# 3.c. Syllables

As discussed in The Haiku Form, there is more to a haiku than its syllables. There's also substantial thematic content. However, since it's a question I keep getting, I wanted to do some analysis on the syllabic structure of the haiku in my dataset.

import collections
import operator

import matplotlib.pyplot as plt
import numpy as np
import pandas as pd
import scipy as sp
import seaborn as sns

from haikulib import data

sns.set(style="whitegrid")

First, we restrict our corpus to three-line haiku to make our analysis easier. The vast majority of the haiku are composed of three lines, with a few outliers on either side.

df = data.get_df()
# Consider only those haiku that consist of three lines.
df = df[df["lines"] == 3]
# Reindex, so that adding a syllable count column isn't borked.
df.reset_index(inplace=True, drop=True)

As expected, the distribution of the total number of syllables is roughly normal.

sns.distplot(
df["total_syllables"], bins=np.arange(5, 25), kde_kws={"bw": 0.4}, hist_kws={"align": "left"}
)
plt.title("Haiku total syllable count")
plt.xlabel("syllables")
plt.ylabel("density")
plt.show()

However, what isn't expected is the distribution center. I expected it to be centered on 17 syllables, as that's the traditional structure discussed in The Haiku Form. The actual center is thirteen syllables.

df["total_syllables"].describe()
count    52371.000000
mean        13.316072
std          2.908676
min          3.000000
25%         11.000000
50%         13.000000
75%         15.000000
max         27.000000
Name: total_syllables, dtype: float64
df[df["total_yllables"] <= 4]
df[df["total_syllables"] >= 26]

Many of the outliers on either side seem subjectively reasonable, if strict adherence to the traditional seventeen-syllable structure is abandoned.

This outlier analysis revealed the presence of the following amusing haiku.

♡ ♡ ♡ ♡ ♡

♡ ♡ ♡ ♡ ♡ ♡ ♡

♡ ♡ ♡ ♡ ♡

This was treated as zero syllables, because the dataset preprocessing step converts all haiku to ASCII-encoded alphabetic characters, along with apostrophes and / line separators. This "haiku" was removed from the dataset.

So then we look at the syllable count for each line in the corpus (restricted to three-line haiku).

one, two, three = zip(*df["syllables"])

bins = np.arange(1, 10)
# Using the bandwidth kde kwarg to produce a smooth estimated kernel
# that doesn't spike with every bin.
kde_kws = {"bw": 0.4}
hist_kws = {"align": "left"}

sns.distplot(one, label="first", bins=bins, kde_kws=kde_kws, hist_kws=hist_kws)
sns.distplot(two, label="second", bins=bins, kde_kws=kde_kws, hist_kws=hist_kws)
sns.distplot(three, label="third", bins=bins, kde_kws=kde_kws, hist_kws=hist_kws)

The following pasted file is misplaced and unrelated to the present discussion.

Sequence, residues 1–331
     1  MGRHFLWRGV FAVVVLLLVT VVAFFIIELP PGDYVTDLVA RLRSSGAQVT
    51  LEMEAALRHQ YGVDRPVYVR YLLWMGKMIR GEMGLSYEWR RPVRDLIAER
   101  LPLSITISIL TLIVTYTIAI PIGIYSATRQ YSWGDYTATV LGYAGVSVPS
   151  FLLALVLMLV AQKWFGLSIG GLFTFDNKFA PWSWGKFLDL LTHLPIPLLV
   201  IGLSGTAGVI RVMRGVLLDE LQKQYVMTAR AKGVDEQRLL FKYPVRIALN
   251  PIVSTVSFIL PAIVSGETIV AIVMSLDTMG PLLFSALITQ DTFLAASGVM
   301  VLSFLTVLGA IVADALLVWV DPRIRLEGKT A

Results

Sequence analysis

plt.title("Haiku syllables per line")
plt.legend()
plt.xlabel("syllables")
plt.ylabel("density")
plt.show()

We wee that there is a clear distinction between the distributions of the middle and surrounding lines. This agrees with my expectations, but it's surprising to find that the middle distribution is centered on five, not seven syllables. It's also interesting to note that the distributions of the first and last lines are similar, but with the distribution of the third line's syllable count skewed slightly higher.

Again restricted to three-line haiku, we can look at the most common syllabic structures occurring in the corpus.

counts = collections.Counter(df["syllables"])
total = sum(counts.values())

rows = {
"syllables": list(counts.keys()),
"count": list(counts.values()),
"proportion": [v / total for v in counts.values()],
}

syllables = pd.DataFrame(rows)
syllables.sort_values(by="count", inplace=True, ascending=False)
syllables.reset_index(inplace=True, drop=True)
syllables.head(10)

We see that the 5-7-5 structure is the most common, but that it accounts for only 2.8% of the corpus. This is surprising. I had expected the traditional form to be dominant over the others, with only a few outliers.

plt.plot(np.log(syllables["count"]))
plt.title("Distribution of syllabic structures in haiku")
plt.ylabel("$\log(freq)$")
plt.xlabel("$rank$")
plt.show()

With the exception of the most common structures, the distribution of syllabic structures in the corpus is exponential with respect to rank. Note that the stair-stepping at the bottom end is due to the discrete nature of the frequencies. There are a number of haiku with unique syllable structure, and there are a number of pairs of haiku with the same structure, and so on.

In conclusion, then, the syllabic structure of haiku (in my corpus) is empirically more varied than expected. Previous analysis on the vocabulary and thematic content of haiku met my expectations. However, it would appear that the structure in my corpus is not so well-behaved.